Hello Everyone!

Image: s3.amazonaws.com/BenScharbachBlogs/Pics/PumpkinToss_TestRun__600x341_05292012.jpg

A simple idea, like tossing some pumpkin in XNA can take some time and thought to complete. I originally started my Indie game engine "Temporal Wars" back in 2008 with the idea of creating a specific Real-Time-Strategy game. Now, in 2012, I decided to change gears and update the engine to allow for some simple and complex movement patterns, based on scripting calls.

The idea is to transform some XNA scene item, like a rotation action, scale action or movement action. With this in mind, I started creating some simple scripting calls which allows updating any scene item in the engine. After several hours of work, I came up with a couple of basic commands to move an object. But, the problem with these simple move commands was the fact they only allowed movement from point A to point B. What I needed was a more complex movement concept, where the movements would combine different operations, like the scaling with movement, while following some path. As I thought about this a little longer, I then came up with another idea, which was to allow different movement actions based on a paths edge! This would then allow an item to move on a mult-path connection, changing speeds and rotation, while on the same path! So, how did I accomplish this? Well... with some nifty collections, queues and stacks, all hidden by some simple scripting calls at the end.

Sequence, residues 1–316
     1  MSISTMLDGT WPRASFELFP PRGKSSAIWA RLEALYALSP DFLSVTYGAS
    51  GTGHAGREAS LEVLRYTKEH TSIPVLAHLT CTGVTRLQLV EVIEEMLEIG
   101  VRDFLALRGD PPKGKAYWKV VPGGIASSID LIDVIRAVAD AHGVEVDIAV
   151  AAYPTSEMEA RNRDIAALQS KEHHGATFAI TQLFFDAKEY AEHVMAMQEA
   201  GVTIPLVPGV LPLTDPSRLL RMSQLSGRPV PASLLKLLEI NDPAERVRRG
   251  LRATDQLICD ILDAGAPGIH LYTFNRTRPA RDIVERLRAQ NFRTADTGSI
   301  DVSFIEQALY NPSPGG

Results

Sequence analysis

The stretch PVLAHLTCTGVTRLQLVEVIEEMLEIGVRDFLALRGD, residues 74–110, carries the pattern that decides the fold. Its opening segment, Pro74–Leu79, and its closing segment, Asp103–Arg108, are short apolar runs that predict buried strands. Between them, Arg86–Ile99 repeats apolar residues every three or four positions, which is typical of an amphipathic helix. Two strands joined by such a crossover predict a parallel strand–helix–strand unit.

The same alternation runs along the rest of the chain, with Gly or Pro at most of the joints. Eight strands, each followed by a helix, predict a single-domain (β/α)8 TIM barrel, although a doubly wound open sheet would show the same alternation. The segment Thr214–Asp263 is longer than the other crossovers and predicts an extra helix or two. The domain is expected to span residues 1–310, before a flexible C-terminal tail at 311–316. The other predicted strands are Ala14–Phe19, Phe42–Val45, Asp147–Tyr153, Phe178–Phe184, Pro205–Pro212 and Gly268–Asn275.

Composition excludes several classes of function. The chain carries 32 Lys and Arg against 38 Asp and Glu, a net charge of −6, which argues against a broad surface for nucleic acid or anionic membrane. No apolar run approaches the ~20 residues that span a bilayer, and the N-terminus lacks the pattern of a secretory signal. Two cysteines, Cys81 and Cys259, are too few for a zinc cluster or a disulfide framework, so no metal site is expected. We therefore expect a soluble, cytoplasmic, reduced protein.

Once I got the code completed, I was able to test my new path movement idea! As you can see in picture-A, a path was created in the engine, which moves between waypoints 1 - 5. Each red line in between the waypoint pairs is called an 'Edge'. As some scene item moves along the path or edge, it reacts differently, depending on what actions are entered for that 'Edge'. The palm tree is slowly moving along this path, with the first edge doing a simple movement interpolation between the two waypoints.



By the time the palm tree reaches the edge junction point, between waypoint 3 and 4, then scaling operation takes effect automatically, as shown in prior picture. By the time it reaches the end of the path, the palm tree is now scaled back to full size, and is doing a rotation. Any 'Edge' can have multiple scripting action request for some scene item!



Once you set your edges with the required actions, it is just a matter of calling one 'Scripting' call, and away your scene items goes!!

Ben (temporalwars website)